Kozhukkatta

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Kozhukatta
Kozhukkatta.jpg
Kozhukatta/kozhukkattai
Course Dessert
Place of origin India Sri Lanka
Region or state Kerala Tamil Nadu
Main ingredients Grated coconut, jaggery
Cookbook:Kozhukatta  Kozhukatta

'Kozhukatta (Malayalam: കൊഴുക്കട്ട) or Kozhukkattai (Tamil: கொழுக்கட்டை) is a popular Indian sweet dumpling made from rice flour, grated coconut and jaggery, and is similar to Modak made in other parts of India. Ususally, eaten as a form of breakfast or as a snack along with tea. This dish is popularly associated with Oshana Sunday eve celebrations of Saint Thomas Christians.[1]

Preparation[edit]

The preparation is simple: grated coconut is mixed with jaggery, placed inside dumplings of rice flour and steamed.

Variants[edit]

Thennai Kozhakkattai is a sweet dish popular in South Tamil Nadu and Kerala. It is typically prepared on special occasions, and involves significant preparatory work, usually involving the entire family. Thennai kozhakattai is made of the same ingredients as kozhakattai, but is prepared by inserting into young palm leaves. Manda Pitha is a sweet dish similar to kozhakattai found in eastern state of Orissa. Another variant exists in the state of Kerala which is very frugal and is a staple breakfast among the poorer masses, it is made of Atta flour and grated coconut.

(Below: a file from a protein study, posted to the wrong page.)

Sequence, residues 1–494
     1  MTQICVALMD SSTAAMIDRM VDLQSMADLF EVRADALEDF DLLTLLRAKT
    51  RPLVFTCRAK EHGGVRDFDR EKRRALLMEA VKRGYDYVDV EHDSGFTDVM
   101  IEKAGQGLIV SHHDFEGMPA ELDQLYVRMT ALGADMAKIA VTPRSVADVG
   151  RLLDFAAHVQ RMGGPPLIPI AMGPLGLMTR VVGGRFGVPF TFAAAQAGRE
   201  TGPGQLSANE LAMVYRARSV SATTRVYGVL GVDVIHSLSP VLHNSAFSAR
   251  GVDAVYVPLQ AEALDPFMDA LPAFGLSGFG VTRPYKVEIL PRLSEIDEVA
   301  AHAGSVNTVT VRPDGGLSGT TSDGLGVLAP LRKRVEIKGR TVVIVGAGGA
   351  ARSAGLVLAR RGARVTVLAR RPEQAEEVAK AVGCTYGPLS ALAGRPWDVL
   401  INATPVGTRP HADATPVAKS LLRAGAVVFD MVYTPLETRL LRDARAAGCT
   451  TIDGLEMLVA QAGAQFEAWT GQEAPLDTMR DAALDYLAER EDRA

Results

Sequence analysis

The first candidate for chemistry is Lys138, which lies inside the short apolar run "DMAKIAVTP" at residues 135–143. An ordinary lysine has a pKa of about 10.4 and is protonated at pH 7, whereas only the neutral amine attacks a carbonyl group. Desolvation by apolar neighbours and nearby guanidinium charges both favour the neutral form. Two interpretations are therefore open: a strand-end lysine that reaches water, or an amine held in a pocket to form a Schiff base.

Customs[edit]

Kozhukkattai form the basis of a number of natal customs among the Sri Lankan Tamil community. There is a custom in the north involving these (dumplings with edges pressed to resemble teeth) being dropped gently on a toddler's head while the family wishes for the infant to develop healthy teeth.[2] In eastern areas, such as Amparai district, piḷḷai kozhukkaṭṭai, a smaller version, are prepared for an expectant mother at about four months time after conception by female family members. These are also commonly exchanged sweets at weddings as auspicious symbols of "plump" health and fertility.[3]

See also[edit]

References[edit]

  1. ^ http://indiankeralafood.blogspot.in/2011/04/kozhukatta.html
  2. ^ Sri Lanka. Ediz. Inglese. 2006. p. 71. 
  3. ^ McCormack, Carol (1994). Ethnography of Fertility and Birth. Waveland Press. p. 46. 

External links[edit]